Pregnancy should be one of the most special and exciting times in a woman’s life, with preparation and celebrations to welcome a new addition to the family. I know it was for me. Unfortunately, for about 1 in 10 women in America, their anticipation may be cut short because of an unexpected preterm delivery. Black families, as Black women have a 50% increased risk of delivery before 37 weeks of their pregnancy.

America’s preterm birth crisis led the NAACP to recently spearhead a letter to the FDA, that was also signed by the National Health Law Program, the Prevention Institute and the National Partnership for Women & Families, and stated, and I quote:

The undersigned organizations believe that the confirmed evidence of this treatment for Black women in this country is determinative, and that any disruption of access would be detrimental…As the FDA considers a path forward, we collectively urge the agency to carefully consider all available mechanisms to maintain equitable access to approved 17P while additional evidence can be developed that more accurately reflects underrepresented racial and ethnic patient populations in the U.S.

Preterm birth can have a lasting a physical, mental, emotional, and financial tolls on affected babies and families. Given the dire state of preterm birth in the U.S. and the often-devastating impact of preterm birth on pregnant people and their families, the National Consumers League believes that the decision to utilize 17P in all its forms, branded and generic, should be one left to women and their health care providers. The fact that leading medical societies continue to recognize the role of individual providers and their patients when making treatment decisions about 17P, despite the ongoing regulatory situation, is compelling.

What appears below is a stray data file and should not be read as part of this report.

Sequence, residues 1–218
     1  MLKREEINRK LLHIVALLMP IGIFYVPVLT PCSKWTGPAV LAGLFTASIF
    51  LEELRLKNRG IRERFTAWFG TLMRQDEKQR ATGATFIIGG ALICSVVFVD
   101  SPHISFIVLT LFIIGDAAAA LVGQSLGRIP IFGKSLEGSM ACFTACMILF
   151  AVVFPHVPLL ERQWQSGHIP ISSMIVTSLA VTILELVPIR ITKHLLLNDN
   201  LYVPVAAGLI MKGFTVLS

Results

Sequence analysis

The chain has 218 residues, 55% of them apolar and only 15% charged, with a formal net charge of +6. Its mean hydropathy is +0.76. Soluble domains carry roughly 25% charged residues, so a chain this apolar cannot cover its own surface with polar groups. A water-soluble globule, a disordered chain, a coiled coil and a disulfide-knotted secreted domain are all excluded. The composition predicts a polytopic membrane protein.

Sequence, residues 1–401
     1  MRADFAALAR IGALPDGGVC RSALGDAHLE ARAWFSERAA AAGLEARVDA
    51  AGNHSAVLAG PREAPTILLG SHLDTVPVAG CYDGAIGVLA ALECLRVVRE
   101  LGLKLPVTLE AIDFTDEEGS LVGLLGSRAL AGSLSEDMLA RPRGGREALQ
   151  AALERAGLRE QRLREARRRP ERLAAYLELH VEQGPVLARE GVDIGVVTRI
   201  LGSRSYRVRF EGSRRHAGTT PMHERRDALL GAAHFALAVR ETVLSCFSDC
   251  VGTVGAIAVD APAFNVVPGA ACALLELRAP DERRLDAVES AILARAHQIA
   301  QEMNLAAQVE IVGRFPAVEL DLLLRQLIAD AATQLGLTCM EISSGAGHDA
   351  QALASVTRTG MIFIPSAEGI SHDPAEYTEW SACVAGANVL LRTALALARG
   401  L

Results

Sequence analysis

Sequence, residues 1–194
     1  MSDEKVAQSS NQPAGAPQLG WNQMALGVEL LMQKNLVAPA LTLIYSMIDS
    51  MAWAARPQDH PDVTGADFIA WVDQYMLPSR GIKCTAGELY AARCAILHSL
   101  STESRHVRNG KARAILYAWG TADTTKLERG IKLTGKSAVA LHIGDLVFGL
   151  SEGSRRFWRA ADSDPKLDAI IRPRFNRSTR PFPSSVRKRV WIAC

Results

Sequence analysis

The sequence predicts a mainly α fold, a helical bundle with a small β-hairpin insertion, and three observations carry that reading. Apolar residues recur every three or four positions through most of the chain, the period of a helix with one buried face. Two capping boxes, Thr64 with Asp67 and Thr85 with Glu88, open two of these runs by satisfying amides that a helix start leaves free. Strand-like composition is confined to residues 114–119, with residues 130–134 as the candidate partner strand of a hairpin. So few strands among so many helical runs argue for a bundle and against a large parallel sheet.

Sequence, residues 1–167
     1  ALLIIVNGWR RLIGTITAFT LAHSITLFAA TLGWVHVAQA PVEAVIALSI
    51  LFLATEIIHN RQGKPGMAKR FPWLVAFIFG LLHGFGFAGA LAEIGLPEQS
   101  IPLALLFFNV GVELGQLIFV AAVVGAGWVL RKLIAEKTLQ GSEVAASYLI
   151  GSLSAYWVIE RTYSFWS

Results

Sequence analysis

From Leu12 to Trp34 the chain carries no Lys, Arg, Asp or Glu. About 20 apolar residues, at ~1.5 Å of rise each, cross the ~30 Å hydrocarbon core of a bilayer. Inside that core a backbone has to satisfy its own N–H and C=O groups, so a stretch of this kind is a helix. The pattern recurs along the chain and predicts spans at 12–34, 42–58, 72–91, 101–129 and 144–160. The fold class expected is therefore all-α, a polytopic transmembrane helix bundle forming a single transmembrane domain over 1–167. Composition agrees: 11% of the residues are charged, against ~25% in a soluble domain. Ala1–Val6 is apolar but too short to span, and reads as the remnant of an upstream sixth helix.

In closing, the company that manufactures the branded version of 17P has publicly said they are willing to do more research – why would we leave that option off the table when clearly there is conflicting efficacy data that needs to be resolved? To remove the only approved and safe therapeutic option to help reduce the likelihood of another spontaneous preterm birth, with the knowledge that the population that most benefits from 17P are women of color –  is not in line with consumer interest.

There is a win-win path here that could lead to both new data and protected access. To the Committee, I urge you to keep this, and the consumer perspective, in mind when making your recommendation to the agency.

Thank you.

###

About the National Consumers League (NCL)

The National Consumers League, founded in 1899, is America’s pioneer consumer organization. Our mission is to protect and promote social and economic justice for consumers and workers in the United States and abroad. For more information, visit https://nclnet.org.

NCL provided oral testimony to the Center for Disease Control and Prevention’s Advisory Committee on Immunization Practices in support of new pneumococcal vaccine recommendations for adults 65 years of age and older

June 22, 2022

Media contact: National Consumers League – Katie Brown, katie@nclnet.org, (202) 207-2832

Washington, DC— On June 22, 2022, NCL’s Health Policy Associate Milena Berhane provided oral testimony to the Center for Disease Control and Prevention’s Advisory Committee on Immunization Practices in support of new pneumococcal vaccine recommendations for adults 65 years of age and older. NCL comments appear below.